Appleby knows what will be in store for him.
“He’s a good fighter, a proper fighter and that’s what he basically is,” his opinion of Ormond. “He just comes forward and he’ll try and be in my face but I’ll stand with him and fight with him. I don’t think he’ll be able to hack it. I think it’s going to be a brilliant fight.”
And as I questioned him on why he gets involved, sometimes unnecessarily, in slug fests rather than using his boxing abilities he freely admitted that against Ormond he will have to be a bit more smarter than he has been in the past.
“You’re right, I do,” he concurred. “Sometimes I neglect my jab and don’t throw it enough and it’s going to be very important for this fight because Ormond’s quite short. I’ll need to use it a lot more in this fight.”
After an up and down last couple of years, Britain’s former young boxer of the year candidly admitted that this year has the old make or break tag wrapped around it. Another defeat for Appleby could spell a new stage in his career where he is seen as a stepping-stone, a gatekeeper to greater riches for those on the way up. The Scot is confident that won’t happen.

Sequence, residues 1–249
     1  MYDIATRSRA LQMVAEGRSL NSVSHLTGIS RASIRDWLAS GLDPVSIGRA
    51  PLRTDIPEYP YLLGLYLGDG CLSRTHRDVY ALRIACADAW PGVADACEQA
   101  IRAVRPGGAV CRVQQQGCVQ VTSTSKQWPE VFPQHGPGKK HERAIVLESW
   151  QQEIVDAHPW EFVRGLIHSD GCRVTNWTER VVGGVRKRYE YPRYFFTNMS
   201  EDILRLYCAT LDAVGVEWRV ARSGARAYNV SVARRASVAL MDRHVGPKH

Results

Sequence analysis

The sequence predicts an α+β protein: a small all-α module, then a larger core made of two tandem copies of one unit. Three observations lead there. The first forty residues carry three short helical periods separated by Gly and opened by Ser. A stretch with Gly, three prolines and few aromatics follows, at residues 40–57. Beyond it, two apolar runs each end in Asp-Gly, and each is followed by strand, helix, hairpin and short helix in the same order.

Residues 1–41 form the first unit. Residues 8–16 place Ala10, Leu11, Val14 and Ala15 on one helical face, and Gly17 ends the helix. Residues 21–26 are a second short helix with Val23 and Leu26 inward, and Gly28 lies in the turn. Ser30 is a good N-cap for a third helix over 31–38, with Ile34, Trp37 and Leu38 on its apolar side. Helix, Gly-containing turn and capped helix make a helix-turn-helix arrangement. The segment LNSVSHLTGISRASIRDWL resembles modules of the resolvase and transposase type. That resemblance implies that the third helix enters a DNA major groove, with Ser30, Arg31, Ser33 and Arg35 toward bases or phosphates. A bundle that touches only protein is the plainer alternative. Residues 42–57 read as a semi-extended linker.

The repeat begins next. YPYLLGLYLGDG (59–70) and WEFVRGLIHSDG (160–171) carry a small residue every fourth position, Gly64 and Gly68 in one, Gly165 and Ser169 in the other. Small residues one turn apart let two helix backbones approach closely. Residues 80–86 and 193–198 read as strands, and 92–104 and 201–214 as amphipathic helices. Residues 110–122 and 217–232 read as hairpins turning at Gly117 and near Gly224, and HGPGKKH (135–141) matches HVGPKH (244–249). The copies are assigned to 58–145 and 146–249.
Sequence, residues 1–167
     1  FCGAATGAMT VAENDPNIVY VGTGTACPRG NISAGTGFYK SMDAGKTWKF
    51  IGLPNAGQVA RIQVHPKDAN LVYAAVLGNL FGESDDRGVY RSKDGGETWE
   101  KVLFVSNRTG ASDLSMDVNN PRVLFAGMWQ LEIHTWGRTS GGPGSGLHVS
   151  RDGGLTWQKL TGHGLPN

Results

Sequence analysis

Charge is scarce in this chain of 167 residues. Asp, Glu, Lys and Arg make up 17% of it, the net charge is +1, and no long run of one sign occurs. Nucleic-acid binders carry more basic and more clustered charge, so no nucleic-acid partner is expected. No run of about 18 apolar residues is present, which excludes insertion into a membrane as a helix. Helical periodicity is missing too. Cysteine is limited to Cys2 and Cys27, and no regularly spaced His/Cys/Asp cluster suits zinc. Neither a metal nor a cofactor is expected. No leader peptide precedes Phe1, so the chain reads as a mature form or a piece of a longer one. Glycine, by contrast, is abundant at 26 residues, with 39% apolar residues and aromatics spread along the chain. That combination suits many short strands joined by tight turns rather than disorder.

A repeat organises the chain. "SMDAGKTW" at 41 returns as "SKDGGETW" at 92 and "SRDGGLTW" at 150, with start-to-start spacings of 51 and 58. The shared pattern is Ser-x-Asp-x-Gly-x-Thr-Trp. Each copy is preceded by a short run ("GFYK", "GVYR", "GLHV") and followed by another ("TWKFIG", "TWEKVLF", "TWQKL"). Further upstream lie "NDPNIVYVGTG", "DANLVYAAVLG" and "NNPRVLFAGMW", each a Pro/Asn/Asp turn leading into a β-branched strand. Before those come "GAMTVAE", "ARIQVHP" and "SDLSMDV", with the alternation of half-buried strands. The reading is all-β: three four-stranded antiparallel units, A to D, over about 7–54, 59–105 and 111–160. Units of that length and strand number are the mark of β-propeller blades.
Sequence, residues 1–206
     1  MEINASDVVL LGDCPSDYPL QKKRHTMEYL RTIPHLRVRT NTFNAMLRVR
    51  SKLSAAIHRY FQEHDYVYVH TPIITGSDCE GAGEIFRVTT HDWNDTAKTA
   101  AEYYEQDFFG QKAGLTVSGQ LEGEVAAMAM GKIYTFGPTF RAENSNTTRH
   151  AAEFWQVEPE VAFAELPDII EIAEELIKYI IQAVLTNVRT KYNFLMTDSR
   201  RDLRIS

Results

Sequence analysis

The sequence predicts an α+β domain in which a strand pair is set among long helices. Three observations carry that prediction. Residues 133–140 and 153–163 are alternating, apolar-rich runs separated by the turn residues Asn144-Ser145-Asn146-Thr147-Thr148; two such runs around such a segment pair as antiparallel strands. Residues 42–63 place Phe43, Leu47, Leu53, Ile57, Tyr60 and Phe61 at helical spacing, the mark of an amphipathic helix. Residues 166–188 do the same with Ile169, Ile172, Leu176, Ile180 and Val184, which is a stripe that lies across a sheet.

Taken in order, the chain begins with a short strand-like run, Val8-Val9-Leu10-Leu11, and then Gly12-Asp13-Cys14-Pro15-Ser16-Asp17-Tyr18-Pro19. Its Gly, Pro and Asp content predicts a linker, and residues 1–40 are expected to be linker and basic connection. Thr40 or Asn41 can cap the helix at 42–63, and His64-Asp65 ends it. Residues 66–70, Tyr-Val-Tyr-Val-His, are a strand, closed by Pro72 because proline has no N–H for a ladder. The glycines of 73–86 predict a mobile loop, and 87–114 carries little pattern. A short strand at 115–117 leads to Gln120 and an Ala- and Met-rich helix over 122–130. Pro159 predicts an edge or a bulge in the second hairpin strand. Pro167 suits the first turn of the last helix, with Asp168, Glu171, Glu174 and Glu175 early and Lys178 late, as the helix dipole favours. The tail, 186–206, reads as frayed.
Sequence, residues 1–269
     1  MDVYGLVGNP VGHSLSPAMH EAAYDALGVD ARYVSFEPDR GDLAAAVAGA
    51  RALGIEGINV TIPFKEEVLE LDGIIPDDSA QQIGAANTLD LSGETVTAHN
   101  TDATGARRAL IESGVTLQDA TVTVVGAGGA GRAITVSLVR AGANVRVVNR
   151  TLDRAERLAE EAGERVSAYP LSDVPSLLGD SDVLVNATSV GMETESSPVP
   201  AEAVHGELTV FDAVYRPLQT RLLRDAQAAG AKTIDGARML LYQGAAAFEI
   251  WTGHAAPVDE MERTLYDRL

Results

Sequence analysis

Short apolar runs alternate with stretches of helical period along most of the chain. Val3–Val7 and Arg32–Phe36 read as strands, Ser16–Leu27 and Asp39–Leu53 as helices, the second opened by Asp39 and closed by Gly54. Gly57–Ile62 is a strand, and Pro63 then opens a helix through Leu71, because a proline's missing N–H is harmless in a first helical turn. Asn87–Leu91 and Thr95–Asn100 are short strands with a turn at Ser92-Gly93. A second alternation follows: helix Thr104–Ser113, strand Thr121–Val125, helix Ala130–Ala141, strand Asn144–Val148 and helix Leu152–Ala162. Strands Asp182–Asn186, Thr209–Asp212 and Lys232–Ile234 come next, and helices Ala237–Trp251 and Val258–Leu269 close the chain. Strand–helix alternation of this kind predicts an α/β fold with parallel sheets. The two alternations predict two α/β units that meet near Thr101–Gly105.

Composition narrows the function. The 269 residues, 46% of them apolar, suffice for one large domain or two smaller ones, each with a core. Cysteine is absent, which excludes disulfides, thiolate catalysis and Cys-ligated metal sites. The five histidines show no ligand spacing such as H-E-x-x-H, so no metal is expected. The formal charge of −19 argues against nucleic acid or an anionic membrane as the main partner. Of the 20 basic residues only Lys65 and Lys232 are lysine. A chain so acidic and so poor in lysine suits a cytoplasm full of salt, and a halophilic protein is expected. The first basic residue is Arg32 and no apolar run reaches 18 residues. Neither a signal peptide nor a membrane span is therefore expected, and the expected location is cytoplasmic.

“I’m determined to show people that I’m not just an opponent and that I’m still up there. I need to win this fight and it’s very important that I do win. 2012 is going to be my year and I’ll win all the fights I’m involved with this year, starting with Ormond.”
It’s surprising to find that despite turning only 25 this July, Appleby has ridden some rough waves already on boxing’s turbulent seas. A rising star that became a domestic champion at just 20 he was then rumoured to have been one win away from a world title shot against then IBF featherweight champion Cristobal Cruz when meeting Lindsay.
And after a bad day at the office against Laryea, there have so many emotions and experiences felt after only 20 professional fights [17-3 (11)]. When speaking to him he was keen to stress that he’s taken all of them, good and bad, and transferred them into a positive ahead of what is a crucial stage in his career.
He said: “The amount of experience I have for my age is unbelievable. Having that so early is vital but I do think I should’ve achieved a lot more than I have by now. I’ve been unlucky, I haven’t always made the right decisions but I’ve definitely learned.”
The talk soon returned to a rematch with Liam Walsh.
“I want the rematch but I don’t think he wants it. I can understand why he wouldn’t want the rematch, to be honest, because he’s the champion and even though he did beat me I think he knows I can hurt him with one single punch. I think he’s being clever not fighting me again.
“He did well to get up and beat me so I give him a lot of credit for that. But I’d be even better next time if I fought him. I’d be stronger and I know I can hurt him. I’d be even more confident. I’ll definitely beat him next time. When I beat this guy Ormond I’ll call him (Walsh) out after it on the television. A rematch with Walsh has to happen and it will. I want the fight and I want the title.”